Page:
Evidence is clear that policies from diverse sectors — law, economics, public safety, and education, to name a few — affect well-being. Diener et al (22) observed that the happiest nations are economically developed and relatively wealthy, perhaps because the basic needs and desires of citizens are met to a larger extent in rich nations than in poorer nations. However, Diener et al also summarized the results of multiple studies listing several other modifiable characteristics of societies that have high levels of well-being. These societies have the following qualities:
Strong rule of law and human rights
Low rates of corruption
Efficient and effective government
Income security programs, including adequate pensions, unemployment benefits, and support for the ill and disabled. They also have active public employment policies, including job training, employment incentives, and direct job creation.
Political freedoms, with property rights, employment laws, and sound money
Generous unemployment policies
More healthful natural environments, for example, clean air and ample green space
Although the causes of a poor sense of well-being that lie in the physical or social environments — poverty, social isolation and exclusion, and unremitting stress, among others (23) — must be addressed if population-wide levels of well-being are to be significantly improved, individuals can improve their own well-being by practicing appreciation (24), gratitude (25), and kindness (26). It has also been observed that people who act happy tend to make other people happy (27).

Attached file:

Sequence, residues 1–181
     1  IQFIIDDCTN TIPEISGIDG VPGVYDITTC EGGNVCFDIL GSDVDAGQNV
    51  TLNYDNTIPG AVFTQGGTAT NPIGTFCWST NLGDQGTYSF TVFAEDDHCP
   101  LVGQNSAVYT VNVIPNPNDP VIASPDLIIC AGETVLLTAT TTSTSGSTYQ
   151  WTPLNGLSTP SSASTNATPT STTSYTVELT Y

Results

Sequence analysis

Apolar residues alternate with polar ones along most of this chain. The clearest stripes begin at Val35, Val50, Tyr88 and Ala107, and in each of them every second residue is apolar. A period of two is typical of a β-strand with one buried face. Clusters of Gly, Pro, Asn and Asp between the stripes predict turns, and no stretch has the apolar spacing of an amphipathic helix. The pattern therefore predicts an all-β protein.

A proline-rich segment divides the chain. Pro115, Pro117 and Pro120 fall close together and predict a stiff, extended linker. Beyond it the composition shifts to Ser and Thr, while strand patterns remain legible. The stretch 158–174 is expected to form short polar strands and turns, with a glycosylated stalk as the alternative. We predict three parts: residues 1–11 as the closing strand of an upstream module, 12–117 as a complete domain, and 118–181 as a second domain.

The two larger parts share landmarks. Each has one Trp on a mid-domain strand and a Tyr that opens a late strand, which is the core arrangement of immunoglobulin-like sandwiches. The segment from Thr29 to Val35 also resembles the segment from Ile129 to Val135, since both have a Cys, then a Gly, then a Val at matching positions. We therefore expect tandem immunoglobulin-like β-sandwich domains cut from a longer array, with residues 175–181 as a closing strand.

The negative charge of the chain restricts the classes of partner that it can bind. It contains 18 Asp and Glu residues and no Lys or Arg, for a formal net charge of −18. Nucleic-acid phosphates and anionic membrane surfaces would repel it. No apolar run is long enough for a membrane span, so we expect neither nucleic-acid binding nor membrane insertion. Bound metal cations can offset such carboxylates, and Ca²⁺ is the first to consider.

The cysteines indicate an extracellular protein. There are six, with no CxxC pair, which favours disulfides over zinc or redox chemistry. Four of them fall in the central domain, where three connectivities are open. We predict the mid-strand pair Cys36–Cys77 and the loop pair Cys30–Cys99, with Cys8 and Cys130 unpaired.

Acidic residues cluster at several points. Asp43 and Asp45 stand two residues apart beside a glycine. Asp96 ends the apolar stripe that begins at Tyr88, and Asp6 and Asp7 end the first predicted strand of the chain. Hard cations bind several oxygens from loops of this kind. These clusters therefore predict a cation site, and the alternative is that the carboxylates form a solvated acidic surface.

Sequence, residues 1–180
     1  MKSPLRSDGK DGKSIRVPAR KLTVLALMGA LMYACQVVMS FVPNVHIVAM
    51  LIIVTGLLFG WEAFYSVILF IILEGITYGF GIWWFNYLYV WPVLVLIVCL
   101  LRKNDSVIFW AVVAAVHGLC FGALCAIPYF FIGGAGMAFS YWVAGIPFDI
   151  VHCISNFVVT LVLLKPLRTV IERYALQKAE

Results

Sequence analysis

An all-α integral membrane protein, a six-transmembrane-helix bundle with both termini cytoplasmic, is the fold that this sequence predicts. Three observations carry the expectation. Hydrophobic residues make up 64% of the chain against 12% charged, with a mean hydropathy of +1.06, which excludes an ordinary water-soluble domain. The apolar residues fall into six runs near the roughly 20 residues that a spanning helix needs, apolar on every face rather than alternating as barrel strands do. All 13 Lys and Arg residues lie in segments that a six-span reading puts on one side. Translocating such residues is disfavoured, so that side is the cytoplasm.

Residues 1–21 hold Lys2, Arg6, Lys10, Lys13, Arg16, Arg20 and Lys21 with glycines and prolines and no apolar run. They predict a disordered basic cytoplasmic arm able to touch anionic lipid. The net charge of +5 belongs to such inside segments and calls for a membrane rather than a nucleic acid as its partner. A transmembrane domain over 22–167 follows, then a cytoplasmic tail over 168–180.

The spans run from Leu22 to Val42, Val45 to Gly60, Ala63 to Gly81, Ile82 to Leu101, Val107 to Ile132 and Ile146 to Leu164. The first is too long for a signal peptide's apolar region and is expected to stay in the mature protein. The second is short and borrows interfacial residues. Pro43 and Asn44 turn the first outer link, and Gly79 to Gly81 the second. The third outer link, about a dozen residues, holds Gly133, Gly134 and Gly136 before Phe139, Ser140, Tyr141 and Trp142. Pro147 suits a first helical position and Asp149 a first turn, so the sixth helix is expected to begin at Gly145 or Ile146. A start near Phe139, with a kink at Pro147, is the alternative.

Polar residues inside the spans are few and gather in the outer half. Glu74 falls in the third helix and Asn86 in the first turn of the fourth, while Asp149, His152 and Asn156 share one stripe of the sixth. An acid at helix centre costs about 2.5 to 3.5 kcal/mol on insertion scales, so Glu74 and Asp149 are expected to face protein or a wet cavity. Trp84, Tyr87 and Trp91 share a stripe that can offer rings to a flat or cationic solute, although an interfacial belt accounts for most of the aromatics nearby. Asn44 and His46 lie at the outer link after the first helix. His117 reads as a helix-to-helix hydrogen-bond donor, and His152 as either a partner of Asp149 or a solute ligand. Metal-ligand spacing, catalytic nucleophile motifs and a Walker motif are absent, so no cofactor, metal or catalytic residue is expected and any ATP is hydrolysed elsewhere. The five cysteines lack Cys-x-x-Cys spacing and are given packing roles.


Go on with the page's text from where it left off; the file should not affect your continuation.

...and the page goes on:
Although the field of economics recognizes well-being as a goal (but has used the term “welfare” instead of “well-being”) (28), GDP has been the dominant measure of the prosperity of nations. However, there is a powerful movement away from using only economic indicators like GDP to represent prosperity and well-being in a population (20,29). Joseph E. Stiglitz, Amartya Sen, and others have advocated for well-being as a driver of social policy (30,31). National accounts of subjective well-being have been adopted in some form in more than 40 countries (22). In 2014 the Legatum Institute’s Commission on Wellbeing and Policy laid out the case for using well-being as the overall measure of prosperity and therefore as the yardstick for public policy (30).
Recognition is also growing at national policy levels of the benefits that accrue from greater integration of health care with social services to address the upstream determinants of health. For example, Finland has had a joint health and social services budget under the Ministry of Social Affairs and Health for many years (P. Puska, written communication, January 2016), and in 2009 Finland merged the National Public Health Institute of Finland and the National Research and Development Centre for Welfare and Health to form the National Institute for Health and Welfare. In 2014 the Scottish Parliament passed landmark legislation that “joined up” the health care and social services budgets (32).